Most Employers have contracts with several plans and you get to choose the one you want, based on services and price. One of the best ways to choose between the plans is to call your own Doctor, if you have one, and ask in which plan they participate. Warning! – read the fine print: not all plans of the same type are the same. There are large differences in the coverage allowed for chiropractic care, homeopathic medicine, psychiatric treatment (including regular visits with a therapist), birth control, allergy treatment and infertility therapy, among other things. If you have a specific medical condition, or plan to use one or more of the above, check the details with care to see what you’re getting.

As important as Health Insurance is Disability Coverage. Just imagine if you couldn’t work and earn a living. Not for a week or month but for years or maybe forever. Accidents and sickness disable hundreds of thousands of people each year, and this benefit – even though its one I hope you’ll never need – is key if something goes seriously wrong.

There are basically two types of Disability plans – short-term and long term disability. Short-term plans usually cover between 13 and 26 weeks of disability. Only five states have mandatory short term disability coverage: New York, New Jersey, Rhode Island, California and Hawaii. This coverage is limited to a few hundred dollars a week in many cases, but it will usually be enough to make sure you don’t have to dip into your savings too much.

Long Term Disability Plans cover disabilities that last more than 3 or 6 months. These plans have benefits that pay 50% to 60% of your base pay in the event you are disabled, for as long as you are disabled or up to age 65. However, there are some twists – look at the plan and see if it includes a Cost of Living Benefit. This means that if you become disabled, your benefit will increase each year by the amount of the increase in the Consumer Price Index. This is especially important if you become disabled at a young age – your salary in 2000 will not buy the same in 2030.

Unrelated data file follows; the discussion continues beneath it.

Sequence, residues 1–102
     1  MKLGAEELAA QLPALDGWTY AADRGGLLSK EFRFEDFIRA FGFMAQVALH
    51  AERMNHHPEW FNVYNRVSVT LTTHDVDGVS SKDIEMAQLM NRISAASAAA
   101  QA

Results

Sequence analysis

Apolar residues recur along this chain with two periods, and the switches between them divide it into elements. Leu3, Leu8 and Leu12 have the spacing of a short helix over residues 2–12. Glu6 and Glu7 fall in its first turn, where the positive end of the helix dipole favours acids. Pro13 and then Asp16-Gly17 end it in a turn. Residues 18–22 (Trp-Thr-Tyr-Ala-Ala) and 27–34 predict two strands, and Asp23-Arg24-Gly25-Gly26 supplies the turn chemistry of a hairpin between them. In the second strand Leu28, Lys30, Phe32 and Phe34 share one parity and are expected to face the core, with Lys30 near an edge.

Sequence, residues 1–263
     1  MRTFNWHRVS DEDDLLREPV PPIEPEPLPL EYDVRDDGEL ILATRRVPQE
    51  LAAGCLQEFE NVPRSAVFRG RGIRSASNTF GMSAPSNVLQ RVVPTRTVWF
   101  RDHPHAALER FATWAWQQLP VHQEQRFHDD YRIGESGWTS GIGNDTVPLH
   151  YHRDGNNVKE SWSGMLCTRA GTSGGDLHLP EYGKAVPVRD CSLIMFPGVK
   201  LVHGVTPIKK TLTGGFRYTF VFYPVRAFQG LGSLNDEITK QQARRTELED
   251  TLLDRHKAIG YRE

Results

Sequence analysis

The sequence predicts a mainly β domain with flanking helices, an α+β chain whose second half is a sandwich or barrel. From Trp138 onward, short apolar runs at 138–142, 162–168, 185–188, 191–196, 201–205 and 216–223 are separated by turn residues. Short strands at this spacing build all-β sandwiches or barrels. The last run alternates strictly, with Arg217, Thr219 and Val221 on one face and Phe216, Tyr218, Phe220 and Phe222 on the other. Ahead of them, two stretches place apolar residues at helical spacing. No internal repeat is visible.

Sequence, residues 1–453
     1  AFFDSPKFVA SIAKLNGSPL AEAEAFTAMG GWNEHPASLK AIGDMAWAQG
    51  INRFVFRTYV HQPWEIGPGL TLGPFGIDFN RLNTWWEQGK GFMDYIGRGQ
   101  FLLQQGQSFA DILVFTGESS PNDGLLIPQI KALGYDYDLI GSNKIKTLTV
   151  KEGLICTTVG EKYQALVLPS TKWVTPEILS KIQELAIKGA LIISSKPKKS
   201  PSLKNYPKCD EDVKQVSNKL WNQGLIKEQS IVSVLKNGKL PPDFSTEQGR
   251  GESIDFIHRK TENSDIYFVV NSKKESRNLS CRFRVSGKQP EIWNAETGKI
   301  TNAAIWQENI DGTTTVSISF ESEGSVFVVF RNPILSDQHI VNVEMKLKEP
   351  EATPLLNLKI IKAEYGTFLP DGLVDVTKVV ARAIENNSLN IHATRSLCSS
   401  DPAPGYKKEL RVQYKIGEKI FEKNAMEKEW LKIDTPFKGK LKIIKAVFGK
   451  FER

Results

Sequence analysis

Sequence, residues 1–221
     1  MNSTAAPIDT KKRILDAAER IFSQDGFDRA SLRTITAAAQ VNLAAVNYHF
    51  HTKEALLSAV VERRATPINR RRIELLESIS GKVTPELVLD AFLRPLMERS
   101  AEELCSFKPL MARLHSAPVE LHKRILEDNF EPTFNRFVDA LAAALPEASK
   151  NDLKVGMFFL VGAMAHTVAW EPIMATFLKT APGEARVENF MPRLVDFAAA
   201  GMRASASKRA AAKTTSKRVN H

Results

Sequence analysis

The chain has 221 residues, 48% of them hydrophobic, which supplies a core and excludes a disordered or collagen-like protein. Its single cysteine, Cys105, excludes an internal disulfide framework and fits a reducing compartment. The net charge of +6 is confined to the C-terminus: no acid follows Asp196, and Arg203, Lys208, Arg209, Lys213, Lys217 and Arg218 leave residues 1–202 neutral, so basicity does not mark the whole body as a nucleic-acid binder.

Also, see if the plan has a Partial or Residual benefit. This means that if you are only partially disabled and your income is reduced (for instance, because you can no longer work a full day, or drive) the plan will replace part of your reduced salary. The “Definition of Disability” should be read. It will tell you what disability means, how you qualify and for how long you are covered in your own occupation not just all occupations. The cost for these plans are small but the benefits can be more important than you can imagine. Take the highest benefit available, with all the bells and whistles available.


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This article is reposted here by permission from TrueCareers.com. Please do not reprint the article without contacting the editors.